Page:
Full Text Available The ageing population is having an impact worldwide and has created a serious challenge in Thailand’s healthcare systems, whereby healthcare practitioners play a major role in promoting independent interaction of their client’s abilities, as well as environmental factors. The purpose of this study was to survey features of the home and assistive technology (AT for the home-bound elderly in the community of Chiang Mai, Thailand. Home evaluation included features inside and outside the home, and AT was based on the International Classification of Functioning, Disability, and Health (ICF concept. Methods included observation and an interview that were used by the researcher for evaluation. The study found that every home had at least one hazardous home feature such as inappropriate width of the door, high door threshold, tall stair steps, no bedside rail, and inappropriate height of the toilet pan. AT was found in houses as general products and technology for personal use in daily living and for personal indoor and outdoor mobility as well as transportation. Therefore, home features and AT can afford the home-bound elderly independent living within the community. Perspective AT according to the ICF concept could provide a common language for ageing in place benefits.

  13. Supporting the information domains of fall-risk management in home care via health information technology.

    Science.gov (United States)

    Alhuwail, Dari; Koru, Güneş; Mills, Mary Etta

    2016-01-01

    In the United States, home care clinicians often start the episode of care devoid of relevant fall-risk information. By collecting and analyzing qualitative data from 30 clinicians in one home health agency, this case study aimed to understand how the currently adopted information technology solutions supported the clinicians' fall-risk management (FRM) information domains, and explored opportunities to adopt other solutions to better support FRM. The currently adopted electronic health record system and fall-reporting application served only some information domains with a limited capacity. Substantial improvement in addressing the FRM information domains is possible by effectively modifying the existing solutions and purposefully adopting new solutions.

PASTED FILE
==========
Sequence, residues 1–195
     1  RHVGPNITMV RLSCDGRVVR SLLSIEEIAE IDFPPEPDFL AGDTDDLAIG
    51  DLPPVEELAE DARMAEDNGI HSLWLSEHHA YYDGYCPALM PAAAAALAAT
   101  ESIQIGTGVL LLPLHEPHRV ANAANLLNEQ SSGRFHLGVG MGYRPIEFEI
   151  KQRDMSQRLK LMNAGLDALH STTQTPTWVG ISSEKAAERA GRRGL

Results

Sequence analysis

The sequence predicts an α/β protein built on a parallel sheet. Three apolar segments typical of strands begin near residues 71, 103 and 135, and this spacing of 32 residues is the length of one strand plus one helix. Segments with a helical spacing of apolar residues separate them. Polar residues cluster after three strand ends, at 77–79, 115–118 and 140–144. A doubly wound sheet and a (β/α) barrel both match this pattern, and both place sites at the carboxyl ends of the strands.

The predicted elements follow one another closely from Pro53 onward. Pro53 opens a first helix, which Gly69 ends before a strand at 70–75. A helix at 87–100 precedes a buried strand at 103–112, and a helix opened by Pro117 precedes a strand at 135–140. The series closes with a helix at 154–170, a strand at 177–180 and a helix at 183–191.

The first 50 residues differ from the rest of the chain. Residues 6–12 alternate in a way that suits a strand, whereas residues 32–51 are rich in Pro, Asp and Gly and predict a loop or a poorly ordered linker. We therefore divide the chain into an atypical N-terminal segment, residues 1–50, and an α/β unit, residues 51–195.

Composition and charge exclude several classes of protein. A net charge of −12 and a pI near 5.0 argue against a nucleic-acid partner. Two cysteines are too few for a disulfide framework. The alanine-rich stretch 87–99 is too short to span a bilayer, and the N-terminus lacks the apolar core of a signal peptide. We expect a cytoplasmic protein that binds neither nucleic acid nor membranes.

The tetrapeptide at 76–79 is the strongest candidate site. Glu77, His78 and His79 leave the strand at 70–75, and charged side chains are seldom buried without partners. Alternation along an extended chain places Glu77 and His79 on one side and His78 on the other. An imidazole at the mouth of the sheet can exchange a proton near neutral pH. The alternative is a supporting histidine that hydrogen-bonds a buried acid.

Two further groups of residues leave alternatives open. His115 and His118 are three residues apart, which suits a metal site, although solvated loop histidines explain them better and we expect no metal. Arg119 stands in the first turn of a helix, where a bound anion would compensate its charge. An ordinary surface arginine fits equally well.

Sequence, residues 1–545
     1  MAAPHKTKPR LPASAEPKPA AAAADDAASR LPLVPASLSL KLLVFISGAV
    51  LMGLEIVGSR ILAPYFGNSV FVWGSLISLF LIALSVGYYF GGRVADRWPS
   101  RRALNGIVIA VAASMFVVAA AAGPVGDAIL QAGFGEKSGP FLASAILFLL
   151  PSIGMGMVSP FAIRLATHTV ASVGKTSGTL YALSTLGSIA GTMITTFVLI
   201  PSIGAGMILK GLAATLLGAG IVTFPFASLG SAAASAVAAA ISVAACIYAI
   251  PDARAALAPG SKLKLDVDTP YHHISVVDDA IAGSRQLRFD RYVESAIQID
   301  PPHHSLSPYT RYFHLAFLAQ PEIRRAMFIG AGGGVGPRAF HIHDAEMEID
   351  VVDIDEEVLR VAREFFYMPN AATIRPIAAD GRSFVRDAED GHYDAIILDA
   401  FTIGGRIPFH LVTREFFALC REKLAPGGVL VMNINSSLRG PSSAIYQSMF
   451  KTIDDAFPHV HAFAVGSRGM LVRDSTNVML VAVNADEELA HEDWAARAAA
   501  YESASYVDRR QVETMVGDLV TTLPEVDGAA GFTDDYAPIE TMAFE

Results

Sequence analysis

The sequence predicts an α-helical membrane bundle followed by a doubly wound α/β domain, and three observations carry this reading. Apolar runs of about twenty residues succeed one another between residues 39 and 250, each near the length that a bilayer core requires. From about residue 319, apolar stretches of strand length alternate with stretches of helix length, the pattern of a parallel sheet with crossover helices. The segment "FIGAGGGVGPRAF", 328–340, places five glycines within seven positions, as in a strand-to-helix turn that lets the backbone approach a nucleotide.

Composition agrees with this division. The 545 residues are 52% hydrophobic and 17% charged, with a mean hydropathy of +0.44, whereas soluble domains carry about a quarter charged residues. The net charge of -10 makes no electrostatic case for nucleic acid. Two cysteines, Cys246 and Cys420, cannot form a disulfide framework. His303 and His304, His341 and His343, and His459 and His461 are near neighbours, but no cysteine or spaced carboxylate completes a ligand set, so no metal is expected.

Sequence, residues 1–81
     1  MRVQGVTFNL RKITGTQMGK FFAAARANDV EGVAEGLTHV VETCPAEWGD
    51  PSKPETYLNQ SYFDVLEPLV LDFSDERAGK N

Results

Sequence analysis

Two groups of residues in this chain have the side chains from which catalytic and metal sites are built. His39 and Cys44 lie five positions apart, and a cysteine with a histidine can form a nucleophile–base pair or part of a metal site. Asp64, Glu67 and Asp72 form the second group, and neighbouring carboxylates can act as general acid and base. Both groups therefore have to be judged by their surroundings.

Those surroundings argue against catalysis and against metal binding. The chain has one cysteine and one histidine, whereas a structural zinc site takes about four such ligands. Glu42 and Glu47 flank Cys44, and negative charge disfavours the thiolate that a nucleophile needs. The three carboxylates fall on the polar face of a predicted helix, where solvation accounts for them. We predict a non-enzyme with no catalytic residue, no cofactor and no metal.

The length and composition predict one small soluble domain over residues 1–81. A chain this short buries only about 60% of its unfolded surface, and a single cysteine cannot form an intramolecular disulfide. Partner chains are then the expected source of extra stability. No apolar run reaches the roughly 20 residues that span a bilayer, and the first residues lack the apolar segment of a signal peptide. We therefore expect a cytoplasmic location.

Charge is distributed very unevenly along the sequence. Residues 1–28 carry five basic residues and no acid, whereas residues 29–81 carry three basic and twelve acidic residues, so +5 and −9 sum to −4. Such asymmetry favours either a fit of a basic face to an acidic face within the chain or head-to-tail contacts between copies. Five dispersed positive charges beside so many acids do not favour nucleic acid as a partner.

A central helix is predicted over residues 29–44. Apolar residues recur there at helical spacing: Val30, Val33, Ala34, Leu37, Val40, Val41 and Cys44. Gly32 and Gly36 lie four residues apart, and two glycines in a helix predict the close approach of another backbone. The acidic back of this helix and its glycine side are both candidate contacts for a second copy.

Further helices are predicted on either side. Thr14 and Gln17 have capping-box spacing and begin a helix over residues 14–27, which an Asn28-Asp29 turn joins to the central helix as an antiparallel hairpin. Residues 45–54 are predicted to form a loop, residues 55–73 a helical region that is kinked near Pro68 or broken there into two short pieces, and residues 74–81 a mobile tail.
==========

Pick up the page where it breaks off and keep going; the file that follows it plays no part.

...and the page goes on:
14. Home-based step training using videogame technology in people with Parkinson's disease: a single-blinded randomised controlled trial.

    Science.gov (United States)

    Song, Jooeun; Paul, Serene S; Caetano, Maria Joana D; Smith, Stuart; Dibble, Leland E; Love, Rachelle; Schoene, Daniel; Menant, Jasmine C; Sherrington, Cathie; Lord, Stephen R; Canning, Colleen G; Allen, Natalie E

    2018-03-01

    To determine whether 12-week home-based exergame step training can improve stepping performance, gait and complementary physical and neuropsychological measures associated with falls in Parkinson's disease. A single-blinded randomised controlled trial. Community (experimental intervention), university laboratory (outcome measures). Sixty community-dwelling people with Parkinson's disease. Home-based step training using videogame technology. The primary outcomes were the choice stepping reaction time test and Functional Gait Assessment. Secondary outcomes included physical and neuropsychological measures associated with falls in Parkinson's disease, number of falls over six months and self-reported mobility and balance. Post intervention, there were no differences between the intervention ( n = 28) and control ( n = 25) groups in the primary or secondary outcomes except for the Timed Up and Go test, where there was a significant difference in favour of the control group ( P = 0.02). Intervention participants reported mobility improvement, whereas control participants reported mobility deterioration-between-group difference on an 11-point scale = 0.9 (95% confidence interval: -1.8 to -0.1, P = 0.03). Interaction effects between intervention and disease severity on physical function measures were observed ( P = 0.01 to P = 0.08) with seemingly positive effects for the low-severity group and potentially negative effects for the high-severity group. Overall, home-based exergame step training was not effective in improving the outcomes assessed. However, the improved physical function in the lower disease severity intervention participants as well as the self-reported improved mobility in the intervention group suggest home-based exergame step training may have benefits for some people with Parkinson's disease.

  15. The use of advanced medical technologies at home: a systematic review of the literature.

    Science.gov (United States)

    Ten Haken, Ingrid; Ben Allouch, Somaya; van Harten, Wim H

    2018-02-26